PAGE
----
It is even more evident to me now, that Snowden and Assange are a farce. They try and "sell" the scam that the NSA is after all of us as INDIVIDUALS, when actually the NSA is a huge machine that collects mega data that it then tries to filter it to the best of its ability. 

   And isn't it obvious to everyone, that both Assange and Snowden stand to gain a lot from demonizing the NSA? Even still, the most obvious thing of all, that they completely ignore exposing covert operations of countries that REALLY do kill whistle blowers??   

   Think about it. What kind of person sits around offended that the NSA is watching them? The kind of person that is scared that they will get caught doing something they shouldn't OR someone so privileged that they are immune to what constitutes REAL human rights abuses.... like starvation, sex slaves, regime oppression and the like. 

   Assange, get a life! The world is not suffering from too much surveillance, it suffers from too many self serving jerk offs like you preying on the vulnerabilities of ignorant people!
"Life shrinks or expands in proportion to one's courage" Anais Nin .. and yet we must arm ourselves with fear

Offline UltraTime

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Re: The NSA will spy on you for reading this article
« Reply #4 on: December 23, 2015, 05:15:10 AM »
Think about it. What kind of person sits around offended that the NSA is watching them? The kind of person that is scared that they will get caught doing something they shouldn't OR someone so privileged that they are immune to what constitutes REAL human rights abuses.... like starvation, sex slaves, regime oppression and the like. - quote RINEY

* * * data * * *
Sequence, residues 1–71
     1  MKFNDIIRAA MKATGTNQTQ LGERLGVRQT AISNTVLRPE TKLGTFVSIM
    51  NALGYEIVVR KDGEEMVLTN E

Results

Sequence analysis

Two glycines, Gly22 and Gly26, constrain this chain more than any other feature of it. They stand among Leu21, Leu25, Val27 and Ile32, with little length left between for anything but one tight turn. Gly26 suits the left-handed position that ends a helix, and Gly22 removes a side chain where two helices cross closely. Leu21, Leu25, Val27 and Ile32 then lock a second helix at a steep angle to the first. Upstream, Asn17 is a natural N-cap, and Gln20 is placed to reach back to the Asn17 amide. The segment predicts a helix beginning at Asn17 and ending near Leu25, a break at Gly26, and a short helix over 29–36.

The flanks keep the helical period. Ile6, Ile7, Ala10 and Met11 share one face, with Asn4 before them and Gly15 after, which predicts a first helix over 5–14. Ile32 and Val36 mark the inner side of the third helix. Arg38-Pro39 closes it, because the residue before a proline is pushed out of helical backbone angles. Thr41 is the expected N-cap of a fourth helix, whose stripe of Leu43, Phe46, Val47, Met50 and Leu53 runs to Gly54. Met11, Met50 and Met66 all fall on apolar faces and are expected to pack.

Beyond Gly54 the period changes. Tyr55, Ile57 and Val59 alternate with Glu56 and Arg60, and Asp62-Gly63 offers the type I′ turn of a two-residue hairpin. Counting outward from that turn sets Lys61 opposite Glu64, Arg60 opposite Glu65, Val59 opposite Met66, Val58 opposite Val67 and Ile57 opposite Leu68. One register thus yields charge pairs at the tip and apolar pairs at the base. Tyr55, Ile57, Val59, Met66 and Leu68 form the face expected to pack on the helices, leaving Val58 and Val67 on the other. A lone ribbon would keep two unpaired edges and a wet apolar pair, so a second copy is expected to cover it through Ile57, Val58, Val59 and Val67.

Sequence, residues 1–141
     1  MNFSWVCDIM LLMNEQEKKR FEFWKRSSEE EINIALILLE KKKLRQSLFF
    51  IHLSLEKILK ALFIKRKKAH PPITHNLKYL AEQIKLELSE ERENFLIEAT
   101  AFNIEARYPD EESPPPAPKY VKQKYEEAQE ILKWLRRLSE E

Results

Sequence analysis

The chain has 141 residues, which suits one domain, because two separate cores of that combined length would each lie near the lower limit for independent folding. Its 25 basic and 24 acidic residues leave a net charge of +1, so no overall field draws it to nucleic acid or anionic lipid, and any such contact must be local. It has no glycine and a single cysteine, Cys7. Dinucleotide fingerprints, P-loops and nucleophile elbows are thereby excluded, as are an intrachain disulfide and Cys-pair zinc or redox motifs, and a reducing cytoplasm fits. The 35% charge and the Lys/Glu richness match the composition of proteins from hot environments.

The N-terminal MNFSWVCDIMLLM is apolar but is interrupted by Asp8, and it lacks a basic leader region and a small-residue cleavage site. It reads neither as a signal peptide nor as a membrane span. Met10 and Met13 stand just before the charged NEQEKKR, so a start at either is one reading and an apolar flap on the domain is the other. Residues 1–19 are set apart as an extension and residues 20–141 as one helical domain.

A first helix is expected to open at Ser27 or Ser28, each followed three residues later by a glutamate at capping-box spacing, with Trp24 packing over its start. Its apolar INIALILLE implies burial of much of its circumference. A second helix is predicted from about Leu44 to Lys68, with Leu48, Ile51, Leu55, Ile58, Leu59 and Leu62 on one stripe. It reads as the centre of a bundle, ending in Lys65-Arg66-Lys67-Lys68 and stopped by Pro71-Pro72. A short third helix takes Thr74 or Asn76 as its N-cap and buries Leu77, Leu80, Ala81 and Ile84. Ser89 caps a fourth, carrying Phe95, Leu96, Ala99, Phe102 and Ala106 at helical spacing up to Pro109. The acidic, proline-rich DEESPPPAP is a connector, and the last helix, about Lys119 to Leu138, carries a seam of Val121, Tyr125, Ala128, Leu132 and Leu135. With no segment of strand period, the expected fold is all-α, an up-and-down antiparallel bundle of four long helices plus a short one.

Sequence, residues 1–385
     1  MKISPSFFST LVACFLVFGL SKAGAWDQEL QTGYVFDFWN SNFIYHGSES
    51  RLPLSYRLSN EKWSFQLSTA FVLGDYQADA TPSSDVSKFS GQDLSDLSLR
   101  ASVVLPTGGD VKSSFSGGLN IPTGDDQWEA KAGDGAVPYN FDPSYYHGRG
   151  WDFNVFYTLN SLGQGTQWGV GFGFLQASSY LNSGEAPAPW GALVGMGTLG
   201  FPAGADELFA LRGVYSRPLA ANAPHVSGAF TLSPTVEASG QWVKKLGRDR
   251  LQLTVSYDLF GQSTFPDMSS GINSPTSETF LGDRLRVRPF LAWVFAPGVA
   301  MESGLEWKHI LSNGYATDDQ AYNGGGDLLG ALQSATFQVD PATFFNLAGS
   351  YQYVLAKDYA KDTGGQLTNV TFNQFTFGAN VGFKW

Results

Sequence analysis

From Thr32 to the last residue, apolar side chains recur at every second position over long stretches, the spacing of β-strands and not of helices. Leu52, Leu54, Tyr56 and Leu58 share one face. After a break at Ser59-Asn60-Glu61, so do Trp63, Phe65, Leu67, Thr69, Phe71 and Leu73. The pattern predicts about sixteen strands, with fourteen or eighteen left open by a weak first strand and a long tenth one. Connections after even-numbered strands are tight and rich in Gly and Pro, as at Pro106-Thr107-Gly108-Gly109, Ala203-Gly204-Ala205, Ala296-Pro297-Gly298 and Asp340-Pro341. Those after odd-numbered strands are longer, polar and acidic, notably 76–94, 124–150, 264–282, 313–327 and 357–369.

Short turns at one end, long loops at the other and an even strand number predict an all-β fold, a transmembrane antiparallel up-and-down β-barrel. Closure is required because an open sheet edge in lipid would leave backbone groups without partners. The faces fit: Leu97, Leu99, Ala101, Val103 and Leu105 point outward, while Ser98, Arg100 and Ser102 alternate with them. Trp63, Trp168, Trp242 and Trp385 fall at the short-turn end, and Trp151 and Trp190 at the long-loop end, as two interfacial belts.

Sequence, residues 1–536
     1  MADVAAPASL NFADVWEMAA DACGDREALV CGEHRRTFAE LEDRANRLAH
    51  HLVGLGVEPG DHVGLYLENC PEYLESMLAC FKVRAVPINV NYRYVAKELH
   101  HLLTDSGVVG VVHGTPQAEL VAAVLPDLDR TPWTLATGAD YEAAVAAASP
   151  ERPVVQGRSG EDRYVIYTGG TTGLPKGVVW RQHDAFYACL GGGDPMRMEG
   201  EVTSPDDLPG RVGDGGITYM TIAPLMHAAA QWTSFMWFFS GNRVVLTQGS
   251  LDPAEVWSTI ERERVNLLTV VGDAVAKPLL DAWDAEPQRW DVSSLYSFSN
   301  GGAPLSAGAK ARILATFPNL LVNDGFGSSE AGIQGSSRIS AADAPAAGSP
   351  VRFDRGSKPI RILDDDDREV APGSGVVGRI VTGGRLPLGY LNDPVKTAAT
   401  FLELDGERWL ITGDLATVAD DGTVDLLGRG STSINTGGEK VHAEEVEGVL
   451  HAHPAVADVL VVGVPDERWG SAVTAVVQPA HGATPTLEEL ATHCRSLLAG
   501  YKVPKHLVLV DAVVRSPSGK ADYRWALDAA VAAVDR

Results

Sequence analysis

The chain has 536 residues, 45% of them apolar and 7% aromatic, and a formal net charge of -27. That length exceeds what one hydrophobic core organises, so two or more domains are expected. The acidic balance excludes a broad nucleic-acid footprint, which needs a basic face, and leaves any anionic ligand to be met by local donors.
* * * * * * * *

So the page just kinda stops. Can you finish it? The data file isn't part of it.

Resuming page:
_____________

My thoughts exactly Riney. I joke about the NSA and at times seem to disfavor that group of so called spies...but the truth is, we need them. We do. There are loopholes in web security at this time, and it's not the fault of security developers...malware and viruses are bred as fast as cockroaches, and no one can catch the breeds as fast as they are born...UNTIL they learn by experience in time and development, now they are born, why and when. Then maybe there can be a master formula to conquer the garbage. Until then, NSA do your job. =)
GOD FORBID THE LIGHTS GO OUT and a zillion brains have to be retrained to function in manual reality.

Offline UltraTime

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Re: The NSA will spy on you for reading this article
« Reply #5 on: December 23, 2015, 05:33:13 AM »